A well-born woman is forced to reinvent herself as a private detective in 1893 New York City.
Pamela Thompson’s business-obsessed spouse lost all their money in a crooked scheme hatched by Henry Jennings, the Copper King. Her husband’s suicide leaves Pamela with nothing but a boardinghouse in a bad neighborhood of New York City, where she and her ward, Brenda, a young woman whose abusive father has just been released from prison, eke out an existence. Her life changes when well-connected lawyer, detective and Civil War hero Jeremiah Prescott offers her a job as a store detective in Macy’s jewelry department. Her success there ironically leads her to a job at the Copper King’s home in the Berkshires, home to the palatial cottages of the wealthy, because the second Mrs. Jennings wants someone to keep an eye on the staff at her beloved Broadmore estate. Pamela and Brenda are happy to escape the city and Brenda’s father, who’s threatened them both. Pamela’s newly developed detective skills are put to the test when Henry Jennings is found murdered in his study. There’s no dearth of suspects, since his second wife and his own son, a homosexual his father despised, were both about to be cut out of his will. Although Jennings was a crook and philanderer who treated his staff badly, the local police fasten on a tramp as the most likely suspect. Pamela and Prescott, who has a cabin in the area, must use all their skills to solve the complicated case.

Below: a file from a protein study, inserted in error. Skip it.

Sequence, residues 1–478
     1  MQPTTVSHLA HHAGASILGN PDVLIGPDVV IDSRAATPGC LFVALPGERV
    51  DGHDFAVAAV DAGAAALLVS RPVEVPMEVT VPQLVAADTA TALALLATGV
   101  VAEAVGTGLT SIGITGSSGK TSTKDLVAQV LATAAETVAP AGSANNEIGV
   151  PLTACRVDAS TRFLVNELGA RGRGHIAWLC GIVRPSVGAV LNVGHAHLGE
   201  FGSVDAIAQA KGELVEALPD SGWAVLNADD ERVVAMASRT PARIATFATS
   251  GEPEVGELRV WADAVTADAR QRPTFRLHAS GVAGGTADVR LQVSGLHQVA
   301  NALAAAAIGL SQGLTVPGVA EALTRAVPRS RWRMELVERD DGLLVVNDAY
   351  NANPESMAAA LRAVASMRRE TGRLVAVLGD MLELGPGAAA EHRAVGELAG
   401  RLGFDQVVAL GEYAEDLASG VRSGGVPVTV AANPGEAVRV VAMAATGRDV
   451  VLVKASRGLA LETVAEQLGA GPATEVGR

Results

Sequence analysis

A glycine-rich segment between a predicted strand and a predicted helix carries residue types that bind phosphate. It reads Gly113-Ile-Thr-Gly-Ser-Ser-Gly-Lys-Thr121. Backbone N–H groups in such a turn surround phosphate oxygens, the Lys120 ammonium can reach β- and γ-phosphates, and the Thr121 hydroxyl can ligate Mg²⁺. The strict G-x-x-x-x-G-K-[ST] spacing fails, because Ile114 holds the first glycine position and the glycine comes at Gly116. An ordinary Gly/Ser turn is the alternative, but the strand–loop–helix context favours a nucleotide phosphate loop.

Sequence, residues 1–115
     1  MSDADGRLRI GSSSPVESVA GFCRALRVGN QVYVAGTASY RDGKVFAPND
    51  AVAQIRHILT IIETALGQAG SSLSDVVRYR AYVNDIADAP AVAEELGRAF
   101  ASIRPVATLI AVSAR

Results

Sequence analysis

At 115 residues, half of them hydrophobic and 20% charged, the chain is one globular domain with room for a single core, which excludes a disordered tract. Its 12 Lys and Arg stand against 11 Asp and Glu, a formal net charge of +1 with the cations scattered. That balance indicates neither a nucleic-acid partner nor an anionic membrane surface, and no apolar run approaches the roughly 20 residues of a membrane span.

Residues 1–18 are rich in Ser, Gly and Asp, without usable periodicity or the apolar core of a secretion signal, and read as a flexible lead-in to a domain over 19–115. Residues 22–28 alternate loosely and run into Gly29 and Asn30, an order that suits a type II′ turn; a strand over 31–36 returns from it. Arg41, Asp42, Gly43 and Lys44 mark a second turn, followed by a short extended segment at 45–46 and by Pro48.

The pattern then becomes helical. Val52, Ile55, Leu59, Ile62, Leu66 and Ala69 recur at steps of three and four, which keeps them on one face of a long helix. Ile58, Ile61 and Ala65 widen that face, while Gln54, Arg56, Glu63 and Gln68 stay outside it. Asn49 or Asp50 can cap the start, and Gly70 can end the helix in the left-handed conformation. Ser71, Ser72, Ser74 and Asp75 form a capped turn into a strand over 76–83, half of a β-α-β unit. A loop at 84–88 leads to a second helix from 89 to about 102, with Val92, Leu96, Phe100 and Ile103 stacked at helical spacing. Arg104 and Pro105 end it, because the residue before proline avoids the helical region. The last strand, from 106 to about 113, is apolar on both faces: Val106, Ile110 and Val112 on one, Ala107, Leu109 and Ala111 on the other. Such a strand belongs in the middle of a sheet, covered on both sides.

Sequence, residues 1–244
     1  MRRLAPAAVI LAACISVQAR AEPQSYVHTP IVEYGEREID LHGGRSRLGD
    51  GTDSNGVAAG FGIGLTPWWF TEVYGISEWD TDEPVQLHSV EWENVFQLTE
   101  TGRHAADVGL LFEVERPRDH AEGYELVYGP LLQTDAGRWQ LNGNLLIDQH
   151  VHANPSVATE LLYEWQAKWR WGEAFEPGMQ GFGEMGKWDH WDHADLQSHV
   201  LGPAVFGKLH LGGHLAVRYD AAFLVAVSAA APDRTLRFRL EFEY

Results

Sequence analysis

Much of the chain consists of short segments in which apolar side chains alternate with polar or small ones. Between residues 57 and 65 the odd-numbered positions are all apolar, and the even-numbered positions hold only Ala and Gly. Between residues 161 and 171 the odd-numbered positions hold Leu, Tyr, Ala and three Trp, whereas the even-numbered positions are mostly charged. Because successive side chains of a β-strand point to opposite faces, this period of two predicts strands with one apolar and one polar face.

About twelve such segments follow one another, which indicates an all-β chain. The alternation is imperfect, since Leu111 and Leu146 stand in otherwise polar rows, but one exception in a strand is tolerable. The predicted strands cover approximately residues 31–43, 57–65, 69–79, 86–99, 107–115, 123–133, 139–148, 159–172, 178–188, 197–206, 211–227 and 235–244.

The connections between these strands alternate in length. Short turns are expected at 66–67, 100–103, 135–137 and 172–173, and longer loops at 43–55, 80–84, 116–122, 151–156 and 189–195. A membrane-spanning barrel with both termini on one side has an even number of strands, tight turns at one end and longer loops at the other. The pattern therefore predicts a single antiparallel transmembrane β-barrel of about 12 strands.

O’Brien’s debut offers a pleasingly detailed look at the age of the robber barons along with enough strongly characterized suspects to keep readers guessing.